The state of Massachusetts is part of the temperate deciduous forest biome, which means that Massachusetts has four distinct seasons. Massachusetts is home to many evergreen trees, including Eastern White Pine and Eastern Red Cedar.
- 1. Eastern White Pine (pinus strobus)
- 2. Blue Spruce (picea pungens glauca)
- 3. Arborvitae (thuja occidentalis)
- 4. Balsam Fir (abies balsamea)
- 5. Northern White Cedar (thuja occidentalis)
- 6. Blue Point Juniper (juniperus chinensis ‘blue point’)
- 7. Blue Atlas Cedar (cedrus atlantica ‘glauca’)
- 8. Hinoki False Cypress (chamaecyparis obtusa)
- 9. Longstalk Holly (ilex pedunculosa)
- 10. Eastern Red Cedar (juniperus virginiana)
Massachusetts is home to a variety of evergreen trees. These trees are important because they provide shelter and food for wildlife, and they also enhance the beauty of Massachusetts’ landscape.
You will certainly encounter these evergreens while spending any amount of time in Massachusetts. Let’s see which types you will most likely come across, so it will be easy for you to identify these evergreens in Massachusetts.
1. Eastern White Pine (pinus strobus)
Eastern White Pine is a tall, slender tree that can grow up to 80 feet tall. This tree has long needles that are about five inches long. Eastern White Pine is a valuable tree because it provides lumber for construction and other wood products. Eastern White Pine is common in Massachusetts, especially in the Berkshires area.
2. Blue Spruce (picea pungens glauca)
Blue Spruce is a coniferous evergreen tree that can grow as tall as 80 feet. A distinguishing feature of this Massachusetts evergreen is its bluish-colored needles, which are about one to three inches long. This evergreen tree may sometimes appear more blue than green, and it has a rigid, upright form.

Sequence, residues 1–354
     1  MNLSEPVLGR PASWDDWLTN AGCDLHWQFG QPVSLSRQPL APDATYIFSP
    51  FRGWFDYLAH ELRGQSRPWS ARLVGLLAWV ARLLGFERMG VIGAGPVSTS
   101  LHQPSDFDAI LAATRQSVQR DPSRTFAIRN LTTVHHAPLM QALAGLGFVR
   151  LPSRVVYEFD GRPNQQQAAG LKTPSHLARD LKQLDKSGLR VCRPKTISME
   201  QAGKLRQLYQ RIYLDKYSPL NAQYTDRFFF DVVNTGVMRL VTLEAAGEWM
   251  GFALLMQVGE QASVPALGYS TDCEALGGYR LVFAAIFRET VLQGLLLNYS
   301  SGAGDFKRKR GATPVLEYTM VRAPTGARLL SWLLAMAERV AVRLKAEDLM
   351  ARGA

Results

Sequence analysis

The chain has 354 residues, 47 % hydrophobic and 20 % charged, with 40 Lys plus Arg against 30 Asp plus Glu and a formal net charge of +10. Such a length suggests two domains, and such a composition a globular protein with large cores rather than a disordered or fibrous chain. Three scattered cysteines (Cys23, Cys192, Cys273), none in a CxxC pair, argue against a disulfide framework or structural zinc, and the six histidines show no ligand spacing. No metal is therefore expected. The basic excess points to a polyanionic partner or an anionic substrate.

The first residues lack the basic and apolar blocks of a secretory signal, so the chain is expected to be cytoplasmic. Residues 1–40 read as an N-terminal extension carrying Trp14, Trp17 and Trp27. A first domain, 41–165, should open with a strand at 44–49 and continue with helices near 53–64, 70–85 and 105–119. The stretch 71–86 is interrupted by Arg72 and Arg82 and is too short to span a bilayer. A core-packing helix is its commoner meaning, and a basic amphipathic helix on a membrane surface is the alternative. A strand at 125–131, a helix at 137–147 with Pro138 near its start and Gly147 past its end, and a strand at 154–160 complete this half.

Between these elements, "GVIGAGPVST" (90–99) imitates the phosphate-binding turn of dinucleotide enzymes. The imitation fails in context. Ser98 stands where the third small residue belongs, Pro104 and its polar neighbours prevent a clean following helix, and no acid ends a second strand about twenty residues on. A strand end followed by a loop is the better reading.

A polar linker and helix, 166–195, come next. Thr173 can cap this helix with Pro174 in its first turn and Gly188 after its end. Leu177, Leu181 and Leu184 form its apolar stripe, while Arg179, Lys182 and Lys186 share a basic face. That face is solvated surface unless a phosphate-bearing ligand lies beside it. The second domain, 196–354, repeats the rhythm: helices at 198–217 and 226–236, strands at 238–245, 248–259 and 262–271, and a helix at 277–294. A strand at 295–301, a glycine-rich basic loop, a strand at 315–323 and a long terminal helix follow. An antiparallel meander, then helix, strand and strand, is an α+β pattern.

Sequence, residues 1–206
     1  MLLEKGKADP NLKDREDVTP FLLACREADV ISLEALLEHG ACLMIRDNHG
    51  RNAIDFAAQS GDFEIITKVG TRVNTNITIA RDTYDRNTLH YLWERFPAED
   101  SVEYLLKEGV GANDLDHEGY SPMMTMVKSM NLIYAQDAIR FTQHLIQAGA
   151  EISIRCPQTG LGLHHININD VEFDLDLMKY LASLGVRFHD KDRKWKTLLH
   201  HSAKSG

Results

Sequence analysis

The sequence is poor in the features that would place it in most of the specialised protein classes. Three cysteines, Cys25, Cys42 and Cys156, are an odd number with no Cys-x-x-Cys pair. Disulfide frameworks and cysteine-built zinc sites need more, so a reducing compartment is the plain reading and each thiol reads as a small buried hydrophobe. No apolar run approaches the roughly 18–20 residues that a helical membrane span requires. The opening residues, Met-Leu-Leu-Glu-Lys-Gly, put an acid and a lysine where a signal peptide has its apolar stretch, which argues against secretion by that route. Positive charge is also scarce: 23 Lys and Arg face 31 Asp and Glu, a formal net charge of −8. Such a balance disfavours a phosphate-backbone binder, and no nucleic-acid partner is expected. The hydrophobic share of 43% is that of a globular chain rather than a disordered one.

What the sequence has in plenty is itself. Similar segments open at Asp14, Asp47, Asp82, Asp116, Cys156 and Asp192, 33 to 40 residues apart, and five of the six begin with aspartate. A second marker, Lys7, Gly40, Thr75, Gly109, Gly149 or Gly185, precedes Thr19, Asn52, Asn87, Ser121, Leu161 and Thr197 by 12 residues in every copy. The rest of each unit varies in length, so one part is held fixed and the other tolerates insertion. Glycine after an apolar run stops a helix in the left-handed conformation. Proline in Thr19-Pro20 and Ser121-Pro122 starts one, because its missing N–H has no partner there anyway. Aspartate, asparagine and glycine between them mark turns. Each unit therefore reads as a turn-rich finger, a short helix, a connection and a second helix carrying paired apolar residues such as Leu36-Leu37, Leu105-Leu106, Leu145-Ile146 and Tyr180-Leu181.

3. Arborvitae (thuja occidentalis)
Eastern White Pine is an evergreen tree that can grow up to 80 feet tall. Arborvitae is another Massachusetts evergreen, but it does not grow very large. This Massachusetts evergreen grows in thickets and has flattened branches with scale-like leaves. The word “arborvitae” means “tree of life”.
4. Balsam Fir (abies balsamea)
Balsam Fir is a small Massachusetts evergreen that grows up to 50 feet tall. This evergreen has short, dark green needles and symmetrical branches. The word “balsam” in its name refers to the fragrant resin that this tree produces.
5. Northern White Cedar (thuja occidentalis)
This evergreen tree can grow up to 50 feet tall. It has flattened sprays of scale-like leaves, and its bark is thin and grayish brown. This Massachusetts evergreen has berry-like cones that are only about an inch long.
6. Blue Point Juniper (juniperus chinensis ‘blue point’)
Bluepoint Juniper is a Massachusetts evergreen that can grow up to eight feet tall. It has soft, scale-like leaves that are about one inch long and dark green in color. This evergreen may appear as a small bush or as a creeping ground cover.
7. Blue Atlas Cedar (cedrus atlantica ‘glauca’)
Blue Atlas Cedar is a Massachusetts evergreen that can grow up to 55 feet tall. This evergreen tree has bluish-gray needles and twisted branches. This tree is recognizable because of its peculiar shape.
8. Hinoki False Cypress (chamaecyparis obtusa)
Hinoki False Cypress is an evergreen that can grow up to 20 feet tall. It has flattened sprays of yellow-green leaves and reddish brown bark. This tree may be identified by its dense, compact form and its small cones.
9. Longstalk Holly (ilex pedunculosa)
Longstalk Holly is a Massachusetts evergreen that can grow up to 20 feet tall. It has glossy, dark green leaves and red berries. This tree is recognizable by its long, drooping stems.
10. Eastern Red Cedar (juniperus virginiana)
Eastern Red Cedar is an evergreen tree that can grow up to 50 feet tall. This tree has fragrant leaves and small, blue berries. Eastern Red Cedar is often used for landscaping because of its attractive form and rapid growth rate.
Now that you know about some of the most common Massachusetts evergreens, you will be able to identify them in the wild. You will also be able to use this knowledge when buying and planting your own evergreens in Massachusetts.